Night Vision After Lasik

You may or may not experience problems with night vision after Lasik. Though it's hard to predict whether you will experience this complication, there are some risk factors.

Man driving a private taxi through city streets at night
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It is normal for your night vision to be reduced for several nights after undergoing Lasik surgery. Many people experience temporary night vision problems after Lasik that can last for days, weeks, or even months. This temporary effect is completely normal and will most likely improve over time.

Common night vision problems that sometimes develop after having Lasik include glare, halos, and starbursts, which can make driving at night difficult. For some people, these can become long-term problems after surgery.


Short-term issues with glare, halos, starbursts, and difficulty seeing in dim light are common problems after having Lasik due to swelling of the cornea.

Some night vision problems persist past the recovery period, however, and may be due to the following:

  • Residual refractive error: This refers to remaining refractive errors, including myopia, hyperopia, or astigmatism. Refractive error may be caused by an over- or under-response of your cornea to the procedure, causing your eyes to either over- or under-correct your refractive error.
  • Corneal flap problems: Sometimes the corneal flap created during surgery does not adhere correctly to the eye after it is replaced. There are cases where it will not be centered perfectly on the eye. These problems can cause light to bend irregularly at the point where the treated and untreated cornea meet, causing night vision problems.
  • Decentered ablations: A decentered ablation occurs when the laser treatment is not perfectly centered over the pupil. Decentered ablations occur infrequently, as newer lasers contain advanced eye tracking systems. While decentered ablations do not produce a detrimental effect during the day, they occasionally result in night vision problems.

Risk Factors

Some people are more likely than others to develop night vision problems after Lasik, based on certain characteristics of their eyes. People with larger pupils and those with greater refractive error are at higher risk.

Ask your Lasik surgeon about your chances of complications when you're discussing your surgery. Your ophthalmologist (eye surgeon) will be able to determine your risk and fine-tune your Lasik procedure to mitigate complications as best as possible.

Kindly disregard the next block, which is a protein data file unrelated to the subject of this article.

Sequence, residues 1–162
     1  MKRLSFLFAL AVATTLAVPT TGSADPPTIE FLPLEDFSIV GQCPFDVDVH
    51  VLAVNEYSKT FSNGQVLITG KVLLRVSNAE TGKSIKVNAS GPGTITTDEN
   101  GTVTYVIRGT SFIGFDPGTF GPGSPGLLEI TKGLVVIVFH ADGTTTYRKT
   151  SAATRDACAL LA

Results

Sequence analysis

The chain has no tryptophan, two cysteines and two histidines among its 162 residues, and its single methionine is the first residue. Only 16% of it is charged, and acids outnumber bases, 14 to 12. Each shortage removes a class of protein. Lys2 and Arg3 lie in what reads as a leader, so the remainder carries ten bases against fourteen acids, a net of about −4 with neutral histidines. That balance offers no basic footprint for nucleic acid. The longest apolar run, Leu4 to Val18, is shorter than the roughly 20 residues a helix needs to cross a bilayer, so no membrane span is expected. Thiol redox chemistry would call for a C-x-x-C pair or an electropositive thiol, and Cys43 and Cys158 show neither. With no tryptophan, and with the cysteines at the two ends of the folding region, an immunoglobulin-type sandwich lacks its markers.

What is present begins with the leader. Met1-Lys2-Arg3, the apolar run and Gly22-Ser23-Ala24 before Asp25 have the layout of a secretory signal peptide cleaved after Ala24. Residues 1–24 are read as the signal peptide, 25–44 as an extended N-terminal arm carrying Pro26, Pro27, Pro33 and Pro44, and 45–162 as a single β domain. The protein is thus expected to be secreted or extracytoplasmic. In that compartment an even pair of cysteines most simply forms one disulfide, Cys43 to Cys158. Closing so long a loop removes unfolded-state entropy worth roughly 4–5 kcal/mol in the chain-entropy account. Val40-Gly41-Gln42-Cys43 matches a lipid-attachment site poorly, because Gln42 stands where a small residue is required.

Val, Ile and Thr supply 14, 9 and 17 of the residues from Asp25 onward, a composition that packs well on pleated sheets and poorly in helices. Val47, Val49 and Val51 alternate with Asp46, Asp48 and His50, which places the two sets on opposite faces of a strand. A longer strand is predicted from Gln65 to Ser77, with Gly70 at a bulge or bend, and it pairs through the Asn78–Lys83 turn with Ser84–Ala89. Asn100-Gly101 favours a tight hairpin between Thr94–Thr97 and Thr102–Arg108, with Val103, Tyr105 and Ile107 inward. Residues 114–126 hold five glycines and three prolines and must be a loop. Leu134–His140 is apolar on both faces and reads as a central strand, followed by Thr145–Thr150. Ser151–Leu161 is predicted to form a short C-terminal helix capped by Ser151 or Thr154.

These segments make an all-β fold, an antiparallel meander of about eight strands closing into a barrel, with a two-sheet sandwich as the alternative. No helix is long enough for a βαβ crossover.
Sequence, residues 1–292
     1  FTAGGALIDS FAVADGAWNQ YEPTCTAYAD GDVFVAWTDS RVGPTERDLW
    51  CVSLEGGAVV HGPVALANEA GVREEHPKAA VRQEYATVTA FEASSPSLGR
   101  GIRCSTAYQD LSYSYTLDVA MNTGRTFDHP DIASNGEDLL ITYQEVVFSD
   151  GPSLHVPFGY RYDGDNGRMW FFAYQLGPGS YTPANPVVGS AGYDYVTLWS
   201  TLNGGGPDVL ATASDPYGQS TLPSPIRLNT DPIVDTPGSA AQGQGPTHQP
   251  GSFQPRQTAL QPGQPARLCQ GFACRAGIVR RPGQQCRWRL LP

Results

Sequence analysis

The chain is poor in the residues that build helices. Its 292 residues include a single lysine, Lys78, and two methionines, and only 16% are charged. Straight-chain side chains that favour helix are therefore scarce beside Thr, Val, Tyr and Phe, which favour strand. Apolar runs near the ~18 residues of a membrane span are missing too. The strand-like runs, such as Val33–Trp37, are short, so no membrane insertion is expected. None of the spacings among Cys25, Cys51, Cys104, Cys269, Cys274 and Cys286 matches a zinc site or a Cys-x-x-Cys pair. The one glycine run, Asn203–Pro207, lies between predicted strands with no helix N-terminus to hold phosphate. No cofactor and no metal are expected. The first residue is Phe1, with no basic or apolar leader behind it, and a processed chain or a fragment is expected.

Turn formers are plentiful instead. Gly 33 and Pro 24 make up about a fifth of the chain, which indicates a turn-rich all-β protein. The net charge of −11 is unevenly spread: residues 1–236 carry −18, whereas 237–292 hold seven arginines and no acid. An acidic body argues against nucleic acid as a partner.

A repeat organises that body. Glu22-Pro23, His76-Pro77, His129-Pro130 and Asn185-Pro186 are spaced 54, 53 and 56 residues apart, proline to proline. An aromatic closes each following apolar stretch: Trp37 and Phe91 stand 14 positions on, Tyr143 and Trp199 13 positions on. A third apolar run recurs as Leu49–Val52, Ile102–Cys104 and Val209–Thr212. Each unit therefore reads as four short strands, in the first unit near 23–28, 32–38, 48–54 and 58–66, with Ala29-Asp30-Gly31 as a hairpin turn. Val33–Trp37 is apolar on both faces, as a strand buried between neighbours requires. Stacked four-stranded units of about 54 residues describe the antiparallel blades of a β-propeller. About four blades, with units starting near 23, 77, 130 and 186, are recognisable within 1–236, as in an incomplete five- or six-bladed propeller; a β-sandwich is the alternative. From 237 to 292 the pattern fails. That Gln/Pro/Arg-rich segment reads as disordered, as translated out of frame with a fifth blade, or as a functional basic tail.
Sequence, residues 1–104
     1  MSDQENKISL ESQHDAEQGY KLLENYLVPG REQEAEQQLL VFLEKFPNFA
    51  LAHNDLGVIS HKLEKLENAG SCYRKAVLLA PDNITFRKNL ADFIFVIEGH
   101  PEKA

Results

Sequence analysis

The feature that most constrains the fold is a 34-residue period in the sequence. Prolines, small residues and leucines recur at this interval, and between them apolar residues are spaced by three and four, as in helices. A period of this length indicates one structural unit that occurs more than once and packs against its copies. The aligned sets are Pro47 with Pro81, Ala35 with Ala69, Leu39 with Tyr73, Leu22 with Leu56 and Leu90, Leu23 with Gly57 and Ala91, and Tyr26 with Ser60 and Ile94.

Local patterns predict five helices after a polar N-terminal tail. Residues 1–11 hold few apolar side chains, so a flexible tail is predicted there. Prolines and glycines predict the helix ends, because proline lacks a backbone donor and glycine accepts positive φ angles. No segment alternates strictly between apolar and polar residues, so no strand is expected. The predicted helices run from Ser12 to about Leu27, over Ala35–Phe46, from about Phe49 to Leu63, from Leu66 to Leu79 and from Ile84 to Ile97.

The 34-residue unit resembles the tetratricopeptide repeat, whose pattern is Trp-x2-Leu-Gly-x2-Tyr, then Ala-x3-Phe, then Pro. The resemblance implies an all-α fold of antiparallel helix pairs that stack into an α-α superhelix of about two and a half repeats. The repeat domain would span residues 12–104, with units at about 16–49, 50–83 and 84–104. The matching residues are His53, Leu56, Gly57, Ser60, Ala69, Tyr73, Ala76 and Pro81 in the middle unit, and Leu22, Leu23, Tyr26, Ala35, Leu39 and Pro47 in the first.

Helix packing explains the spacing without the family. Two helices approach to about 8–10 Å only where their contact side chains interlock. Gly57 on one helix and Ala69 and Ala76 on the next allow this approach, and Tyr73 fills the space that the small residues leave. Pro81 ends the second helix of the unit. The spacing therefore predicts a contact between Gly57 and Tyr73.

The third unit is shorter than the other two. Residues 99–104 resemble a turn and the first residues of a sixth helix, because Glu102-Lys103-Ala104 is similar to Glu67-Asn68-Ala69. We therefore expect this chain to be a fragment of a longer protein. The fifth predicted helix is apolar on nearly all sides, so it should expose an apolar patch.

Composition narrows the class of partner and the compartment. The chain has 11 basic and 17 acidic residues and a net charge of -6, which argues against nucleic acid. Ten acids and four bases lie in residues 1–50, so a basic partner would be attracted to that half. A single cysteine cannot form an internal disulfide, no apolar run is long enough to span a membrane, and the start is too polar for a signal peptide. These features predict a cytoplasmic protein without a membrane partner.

Many treatments are available for improving night vision problems after Lasik. If a refractive error continues to bother you, prescription eyeglasses or an additional Lasik "enhancement" procedure may be necessary to correct the problem. After undergoing Lasik, there is a possibility that you may need to wear reading glasses or corrective lenses for some activities.

If enlarged pupils are causing your problems, your healthcare provider can prescribe certain eye drops to shrink the pupil. Also, special contact lenses may be worn to help reduce glare and halos by making the pupil smaller.

The use of anti-reflective coated lenses can also help to eliminate unwanted glare and halos. Vision problems caused by decentered ablations can often be corrected with wavefront Lasik or a PRK procedure.

3 Sources
Verywell Health uses only high-quality sources, including peer-reviewed studies, to support the facts within our articles. Read our editorial process to learn more about how we fact-check and keep our content accurate, reliable, and trustworthy.
  1. Klyce SD. Night vision disturbances after refractive surgery: haloes are not just for angelsBr J Ophthalmol. 2007;91(8):992–993. doi:10.1136/bjo.2007.115139

  2. Kligman BE, Baartman BJ, Dupps WJ Jr. Errors in Treatment of Lower-order Aberrations and Induction of Higher-order Aberrations in Laser Refractive SurgeryInt Ophthalmol Clin. 2016;56(2):19–45. doi:10.1097/IIO.0000000000000113

  3. Khalifa MA, Allam WA, Shaheen MS. Visual outcome after correcting the refractive error of large pupil patients with wavefront-guided ablation. Clin Ophthalmol. 2012;6:2001–2011. doi:10.2147/OPTH.S38182

Additional Reading
  • Azar, Dimitri T. and Douglas D. Koch. Lasik: Fundamentals, Surgical Techniques, and Complications. Marcel Dekker, Inc.

By Troy Bedinghaus, OD
Troy L. Bedinghaus, OD, board-certified optometric physician, owns Lakewood Family Eye Care in Florida. He is an active member of the American Optometric Association.